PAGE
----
Treatment for Dog Mange

by Carolyn Ashley

My little tutu had been chewing on her skin, scraping day and night. I put a solution of 3 T 20 Mule Team Borax Cleaner (a borax product found at the grocers),w/2 T.hydrogen peroxide to 1 cup of water.

Depending on how much your dog needs to saturate this mixture with, it will take some math. Tutu is a small to medium dog,who got this applied after I shaved all her hair off to about an inch all over. I left this solution on her for about one day and reapplied it again because I felt she may not have received a true dose for her skin.

I left it on about three days and washed her with a medicated shampoo. Now I keep a flea collar on her and wash her with
Adams Plus Flea & Tick Shampoo
. Thanks for allowing me to share this product that really works on mange.

Dog Health Guide Editor Comment:

Tutu may scrape due to a variety of reasons, so we suggest that the exact cause of the problem be diagnosed by a veterinarian. It might be caused by dog mange, flea infestation, allergy etc. Confirmation of the exact cause can only be done at a veterinary clinic.

The different treatment options you have applied are effective, but if the dog being treated hasn’t recovered yet, a detailed examination might be required.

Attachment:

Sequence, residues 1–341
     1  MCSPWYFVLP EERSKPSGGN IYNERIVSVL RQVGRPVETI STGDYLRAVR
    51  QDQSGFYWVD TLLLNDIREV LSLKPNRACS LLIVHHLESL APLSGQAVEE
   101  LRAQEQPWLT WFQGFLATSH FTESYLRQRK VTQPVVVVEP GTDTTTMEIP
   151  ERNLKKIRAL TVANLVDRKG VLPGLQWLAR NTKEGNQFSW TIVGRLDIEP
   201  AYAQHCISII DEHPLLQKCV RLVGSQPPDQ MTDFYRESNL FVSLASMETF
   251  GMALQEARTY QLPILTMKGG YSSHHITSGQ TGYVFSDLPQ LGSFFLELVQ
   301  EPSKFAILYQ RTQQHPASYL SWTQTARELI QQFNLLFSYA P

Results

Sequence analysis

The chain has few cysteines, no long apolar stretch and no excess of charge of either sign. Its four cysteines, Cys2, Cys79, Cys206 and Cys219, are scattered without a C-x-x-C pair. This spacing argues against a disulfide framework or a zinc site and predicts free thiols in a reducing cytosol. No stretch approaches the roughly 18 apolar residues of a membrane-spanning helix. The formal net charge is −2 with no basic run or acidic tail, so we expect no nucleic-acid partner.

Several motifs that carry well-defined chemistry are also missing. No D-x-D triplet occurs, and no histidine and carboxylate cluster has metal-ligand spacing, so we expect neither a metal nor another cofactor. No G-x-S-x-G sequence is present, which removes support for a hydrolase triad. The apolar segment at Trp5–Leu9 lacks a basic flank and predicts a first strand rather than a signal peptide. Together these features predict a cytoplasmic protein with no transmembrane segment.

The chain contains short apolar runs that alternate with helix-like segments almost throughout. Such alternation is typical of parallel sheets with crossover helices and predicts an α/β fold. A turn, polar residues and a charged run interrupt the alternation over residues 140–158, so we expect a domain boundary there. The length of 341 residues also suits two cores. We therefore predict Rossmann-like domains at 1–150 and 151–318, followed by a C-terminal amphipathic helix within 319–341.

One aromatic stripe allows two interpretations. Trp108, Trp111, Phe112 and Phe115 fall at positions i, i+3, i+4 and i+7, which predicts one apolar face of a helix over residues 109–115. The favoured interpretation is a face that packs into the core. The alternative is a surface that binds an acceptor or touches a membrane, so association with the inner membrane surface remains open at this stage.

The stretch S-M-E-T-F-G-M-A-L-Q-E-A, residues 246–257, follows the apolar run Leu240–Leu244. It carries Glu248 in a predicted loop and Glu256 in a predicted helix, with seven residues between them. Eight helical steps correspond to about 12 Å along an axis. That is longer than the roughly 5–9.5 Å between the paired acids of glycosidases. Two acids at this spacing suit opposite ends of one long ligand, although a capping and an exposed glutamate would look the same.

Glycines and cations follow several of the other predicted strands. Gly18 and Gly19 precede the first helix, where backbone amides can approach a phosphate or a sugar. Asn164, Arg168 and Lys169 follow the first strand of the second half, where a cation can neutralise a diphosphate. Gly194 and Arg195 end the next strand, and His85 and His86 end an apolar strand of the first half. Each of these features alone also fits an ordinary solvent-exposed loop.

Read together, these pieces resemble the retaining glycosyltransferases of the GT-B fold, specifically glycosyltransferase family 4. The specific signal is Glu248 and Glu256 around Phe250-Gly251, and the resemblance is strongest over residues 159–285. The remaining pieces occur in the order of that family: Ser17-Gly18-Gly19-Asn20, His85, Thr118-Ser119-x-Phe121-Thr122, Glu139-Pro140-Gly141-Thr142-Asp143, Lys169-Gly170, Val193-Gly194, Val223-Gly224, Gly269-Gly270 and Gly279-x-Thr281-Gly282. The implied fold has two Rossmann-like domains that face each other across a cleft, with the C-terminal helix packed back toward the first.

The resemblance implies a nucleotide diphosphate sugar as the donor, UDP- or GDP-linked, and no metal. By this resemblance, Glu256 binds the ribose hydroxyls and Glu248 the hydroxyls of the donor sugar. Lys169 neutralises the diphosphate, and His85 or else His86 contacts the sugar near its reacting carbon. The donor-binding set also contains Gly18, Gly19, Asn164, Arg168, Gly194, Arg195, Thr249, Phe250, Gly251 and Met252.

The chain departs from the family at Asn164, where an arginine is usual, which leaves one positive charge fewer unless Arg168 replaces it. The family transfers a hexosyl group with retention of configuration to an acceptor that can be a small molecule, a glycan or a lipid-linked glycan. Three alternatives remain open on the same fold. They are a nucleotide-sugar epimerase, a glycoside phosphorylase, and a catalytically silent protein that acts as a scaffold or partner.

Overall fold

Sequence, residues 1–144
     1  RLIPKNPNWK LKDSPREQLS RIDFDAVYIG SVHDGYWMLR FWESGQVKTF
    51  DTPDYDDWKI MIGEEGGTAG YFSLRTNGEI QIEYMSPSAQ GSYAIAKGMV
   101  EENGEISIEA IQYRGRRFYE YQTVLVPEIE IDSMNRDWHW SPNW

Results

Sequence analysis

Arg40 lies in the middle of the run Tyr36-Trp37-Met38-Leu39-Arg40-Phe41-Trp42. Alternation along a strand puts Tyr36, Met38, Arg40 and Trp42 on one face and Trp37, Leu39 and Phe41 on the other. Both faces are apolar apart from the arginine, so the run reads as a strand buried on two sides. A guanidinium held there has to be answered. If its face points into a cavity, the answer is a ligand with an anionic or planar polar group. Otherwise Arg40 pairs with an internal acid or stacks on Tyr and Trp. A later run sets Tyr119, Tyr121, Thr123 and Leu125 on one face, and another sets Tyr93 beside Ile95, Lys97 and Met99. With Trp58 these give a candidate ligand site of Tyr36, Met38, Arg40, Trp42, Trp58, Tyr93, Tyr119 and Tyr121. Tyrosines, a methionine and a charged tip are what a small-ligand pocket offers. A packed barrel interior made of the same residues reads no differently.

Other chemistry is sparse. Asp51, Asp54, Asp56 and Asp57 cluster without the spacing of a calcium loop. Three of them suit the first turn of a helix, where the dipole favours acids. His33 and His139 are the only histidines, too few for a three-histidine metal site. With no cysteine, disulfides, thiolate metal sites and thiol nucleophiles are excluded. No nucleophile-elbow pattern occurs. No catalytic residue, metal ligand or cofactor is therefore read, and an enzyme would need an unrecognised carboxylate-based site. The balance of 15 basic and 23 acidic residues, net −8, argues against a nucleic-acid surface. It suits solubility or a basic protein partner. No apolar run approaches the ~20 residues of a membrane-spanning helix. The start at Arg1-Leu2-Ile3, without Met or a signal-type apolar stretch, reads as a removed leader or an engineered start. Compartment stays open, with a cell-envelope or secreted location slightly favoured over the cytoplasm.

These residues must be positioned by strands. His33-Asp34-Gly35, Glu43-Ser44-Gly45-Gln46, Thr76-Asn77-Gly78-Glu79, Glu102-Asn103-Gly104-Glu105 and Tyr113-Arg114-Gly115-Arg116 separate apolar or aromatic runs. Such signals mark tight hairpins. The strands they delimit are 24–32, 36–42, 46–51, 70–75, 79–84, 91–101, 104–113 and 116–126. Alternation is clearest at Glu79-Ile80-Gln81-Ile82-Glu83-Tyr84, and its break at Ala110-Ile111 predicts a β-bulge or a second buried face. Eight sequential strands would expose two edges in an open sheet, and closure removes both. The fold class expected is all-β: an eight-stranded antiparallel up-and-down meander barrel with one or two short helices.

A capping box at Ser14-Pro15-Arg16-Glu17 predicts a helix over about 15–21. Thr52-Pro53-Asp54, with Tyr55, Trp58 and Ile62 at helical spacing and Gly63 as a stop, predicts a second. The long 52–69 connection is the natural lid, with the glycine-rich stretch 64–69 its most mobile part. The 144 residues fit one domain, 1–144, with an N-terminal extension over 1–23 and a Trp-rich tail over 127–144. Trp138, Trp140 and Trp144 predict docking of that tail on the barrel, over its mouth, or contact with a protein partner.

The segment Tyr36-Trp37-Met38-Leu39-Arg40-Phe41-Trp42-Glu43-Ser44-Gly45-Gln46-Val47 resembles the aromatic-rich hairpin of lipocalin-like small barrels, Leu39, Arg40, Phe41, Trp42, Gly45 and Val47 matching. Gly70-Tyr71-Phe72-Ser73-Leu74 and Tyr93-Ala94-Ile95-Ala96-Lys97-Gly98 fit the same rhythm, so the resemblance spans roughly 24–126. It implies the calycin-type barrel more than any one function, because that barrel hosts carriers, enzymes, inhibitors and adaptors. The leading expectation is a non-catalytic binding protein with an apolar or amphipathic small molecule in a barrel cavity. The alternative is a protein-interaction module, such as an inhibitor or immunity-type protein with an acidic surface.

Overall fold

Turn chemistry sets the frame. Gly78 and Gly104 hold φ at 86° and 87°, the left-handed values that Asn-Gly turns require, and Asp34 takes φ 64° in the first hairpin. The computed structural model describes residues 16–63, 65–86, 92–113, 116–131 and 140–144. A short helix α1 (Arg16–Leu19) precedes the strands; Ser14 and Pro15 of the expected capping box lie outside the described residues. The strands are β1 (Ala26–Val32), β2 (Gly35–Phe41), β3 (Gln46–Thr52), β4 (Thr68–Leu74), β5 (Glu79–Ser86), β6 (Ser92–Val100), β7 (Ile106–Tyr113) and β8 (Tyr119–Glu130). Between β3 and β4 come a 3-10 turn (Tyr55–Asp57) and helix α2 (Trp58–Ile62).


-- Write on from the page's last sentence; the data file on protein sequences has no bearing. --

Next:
Borax or “Sodium Borate” combined with Hydrogen per Oxide (H2O2) has been traditionally used for dog hair loss and scratching. However, there are complications associated with this treatment approach, so you must be careful when using it for your dog.

Borax is basically a disinfectant and commonly used in detergents. It
is potentially toxic for living tissues if used in high concentrations. Borax on a dog may cause severe rashes and bumps on the skin, and cause the skin to turn beet red in color. Some pets may be sensitive to it and thus the dog skin condition may get worse after treatment. Respiratory irritation is a common side effect of this approach as well, characterized by a cough and sneezing.

Though borax does not cause acute poisoning if ingested by a dog, it may cause nausea, vomiting, unconsciousness and renal failure. If used for long time and in high doses, bone marrow may be severely affected, leading to blood problems and spinal cord abnormalities.

Usually, treating a common problem such as dog skin itching, hair loss and lesions caused by mites, fleas or ticks are treated with lime-sulfur dips such as Dermisil. This approach has been proven to be highly effective.

After that, a dog should be bathed with a quality shampoo, preferably a medicated shampoo such as DermCare Medicated Anti-Itch Shampoo at least twice a week. After this treatment, recovery is indicated by the vanishing of symptoms and re-growth of hairs.

Also, disinfection of the dog's environment in which the dog is habituated is required. It frequently happens that symptoms may reappear due to the causative agent whether it is mites, fleas or what so ever occurs in environment can re-infest again by jumping back onto the dog. Disinfection should be thorough and should be done with a sprayer and treatment, such as Benzarid Environmental Spray.

If conditions persist after treatment, a veterinarian must be consulted for a confirmatory diagnosis and a detailed treatment plan designed to eliminate your dog's specific problem.

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